London Daily

Focus on the big picture.
Wednesday, May 18, 2022

Jacob Rees-Mogg made Brexit opportunities minister as PM reshuffles team

Jacob Rees-Mogg made Brexit opportunities minister as PM reshuffles team

Jacob Rees-Mogg has been given a new role in government as the minister for Brexit opportunities, as Boris Johnson carries out a cabinet reshuffle.

The PM promised a rejig in No 10 amid ongoing pressure over parties held in Downing Street during lockdown.

Chris Heaton-Harris becomes the new chief whip, in charge of disciplining Conservative MPs - some of whom have called on Mr Johnson to resign.

His predecessor, Mark Spencer, replaces Mr Rees-Mogg as leader of the Commons.

But some Tory MPs have privately expressed concern about Mr Spencer's new post.

The role includes the responsibility for standards of behaviour in Westminster, but he is currently being investigated over accusations of Islamophobia, raised by fellow MP Nusrat Ghani - claims he has denied.

After the announcement, Ms Ghani retweeted her statement from January - when the story became public - in which she said she had told the PM: "All I want is for this to be taken seriously and for him to investigate."

A spokesman for No 10 said it was right to allow the investigation to conclude "without pre-empting it or drawing conclusions while that work is ongoing".

Downing Street also confirmed Paymaster General Michael Ellis would take on the additional role of minister for the Cabinet Office.

The job had been held by Tory MP Steve Barclay, who had said he would stay in his post at the Cabinet Office, alongside his new role as chief of staff in No 10.

Earlier this week, Labour questioned how Mr Barclay would be able to carry out all three roles.

But No 10 later said Mr Ellis would only take on "some elements" of his role, rather than directly replacing him.

'Economic role'

Mr Rees-Mogg, a prominent Leave campaigner during the 2016 EU referendum, will now be a full member of the cabinet, with his full title being minister for Brexit opportunities and government efficiency.

A source close to the prime minister said he had wanted Mr Rees-Mogg to have a "proper economic role" in cabinet.

Mr Spencer will continue to attend cabinet and Mr Ellis will join him.

Another source described Mr Heaton-Harris as "more carrot than stick" in his style of persuading MPs to toe the party line.

Other moves include:

*  Stuart Andrew leaving his role as deputy chief whip to become housing minister - the 11th person to hold the role in 10 years

*  Heather Wheeler becoming a parliamentary secretary in the Cabinet Office, in addition to her current role as an assistant government whip

*  James Cleverly staying in the Foreign, Commonwealth and Development Office, becoming the minister for Europe, instead of minister for the Middle East and North Africa

*  Wendy Morton being promoted within the Department for Transport

*  Chris Pincher moving from housing minister to deputy chief whip

A Downing Street spokesman said it was "important we make immediate changes to improve how the No 10 operation works", and the changes would help towards "improving relations with MPs".

But Labour deputy leader Angela Rayner said the prime minister should instead be focusing on "an inflation crisis created in Downing Street and supporting the mental health of our children and young people".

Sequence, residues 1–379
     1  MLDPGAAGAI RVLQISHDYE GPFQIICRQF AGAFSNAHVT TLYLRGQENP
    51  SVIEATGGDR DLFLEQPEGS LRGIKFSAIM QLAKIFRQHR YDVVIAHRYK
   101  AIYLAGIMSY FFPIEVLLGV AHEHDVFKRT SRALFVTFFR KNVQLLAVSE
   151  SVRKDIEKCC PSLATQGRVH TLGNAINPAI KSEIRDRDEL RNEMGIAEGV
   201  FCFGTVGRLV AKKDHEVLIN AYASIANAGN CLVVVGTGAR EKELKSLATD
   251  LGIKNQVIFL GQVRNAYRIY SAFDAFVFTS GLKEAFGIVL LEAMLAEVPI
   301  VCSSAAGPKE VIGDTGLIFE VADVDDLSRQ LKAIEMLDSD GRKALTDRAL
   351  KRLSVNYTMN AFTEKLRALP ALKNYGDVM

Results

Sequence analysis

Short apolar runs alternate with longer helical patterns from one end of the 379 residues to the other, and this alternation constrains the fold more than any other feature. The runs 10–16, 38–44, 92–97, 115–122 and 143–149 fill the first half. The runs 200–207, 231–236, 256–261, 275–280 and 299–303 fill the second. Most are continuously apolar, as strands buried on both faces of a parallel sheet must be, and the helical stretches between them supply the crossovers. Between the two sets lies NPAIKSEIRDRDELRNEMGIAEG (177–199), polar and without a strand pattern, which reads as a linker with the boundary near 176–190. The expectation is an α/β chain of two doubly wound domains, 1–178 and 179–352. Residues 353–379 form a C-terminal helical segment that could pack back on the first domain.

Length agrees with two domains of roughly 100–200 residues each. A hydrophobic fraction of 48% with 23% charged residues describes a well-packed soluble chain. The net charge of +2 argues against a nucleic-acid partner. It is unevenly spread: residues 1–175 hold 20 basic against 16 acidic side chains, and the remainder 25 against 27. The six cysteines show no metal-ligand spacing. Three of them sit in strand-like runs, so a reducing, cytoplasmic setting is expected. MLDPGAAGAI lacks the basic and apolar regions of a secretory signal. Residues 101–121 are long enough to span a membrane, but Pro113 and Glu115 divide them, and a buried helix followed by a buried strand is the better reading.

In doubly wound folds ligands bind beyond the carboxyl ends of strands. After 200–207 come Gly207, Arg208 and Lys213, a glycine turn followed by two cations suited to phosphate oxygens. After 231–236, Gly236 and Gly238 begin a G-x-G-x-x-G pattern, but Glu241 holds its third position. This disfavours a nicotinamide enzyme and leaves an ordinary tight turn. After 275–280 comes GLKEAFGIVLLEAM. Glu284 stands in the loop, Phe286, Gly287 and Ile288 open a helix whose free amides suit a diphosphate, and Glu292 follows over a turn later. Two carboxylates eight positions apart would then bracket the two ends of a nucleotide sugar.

"What was Boris Johnson doing? Reshuffling the deckchairs when he's already hit an iceberg," she added.

Football refereeing and dad jokes are two specialisms of the man whose new job is trying to persuade Conservative MPs to back the prime minister.

Every day, Chris Heaton-Harris used to tweet a joke and it would be reasonable to say they were so bad, they were good.

"I admit most of my jokes are rubbish," he once said, "although some were funny, mainly sent by others."

He is a personable, self-deprecating Brexiteer - and takes on, arguably, one of the toughest job in politics.

Now it's Mr Heaton-Harris's role to stack up the numbers in the Commons to keep Boris Johnson in his job.

In normal times, that would be easy enough with an 80-seat majority. But these are... you can finish that sentence yourself.

In her report on gatherings that took place in Downing Street during lockdowns, published last week, senior civil servant Sue Gray criticised "failures of leadership and judgement".

In response, Mr Johnson promised a change in culture and to consult Conservative MPs more on setting policy, which could involve prominent roles for Mr Rees-Mogg, Mr Spencer and Mr Heaton-Harris.

Mark Spencer takes over from Jacob Rees-Mogg as Commons leader

Meanwhile, No 10 has said the prime minister has no intention of apologising after falsely claiming that Labour leader Sir Keir Starmer had failed to prosecute serial sex offender Jimmy Savile when he was director of public prosecutions.

Fifteen Conservative MPs have called for Mr Johnson to go.

If 54 MPs write letters to Sir Graham Brady, chairman of the Conservative Party's 1922 Committee, declaring no confidence in his leadership, this will prompt a full vote on his future.

If Mr Johnson lost this, there would be a leadership contest, in which Mr Johnson would be prohibited from running.

At the last cabinet reshuffle, in September last year, Nadine Dorries became culture secretary and Liz Truss became foreign secretary, while Dominic Raab was moved from the Foreign Office to become deputy prime minister.


Related Articles

London Daily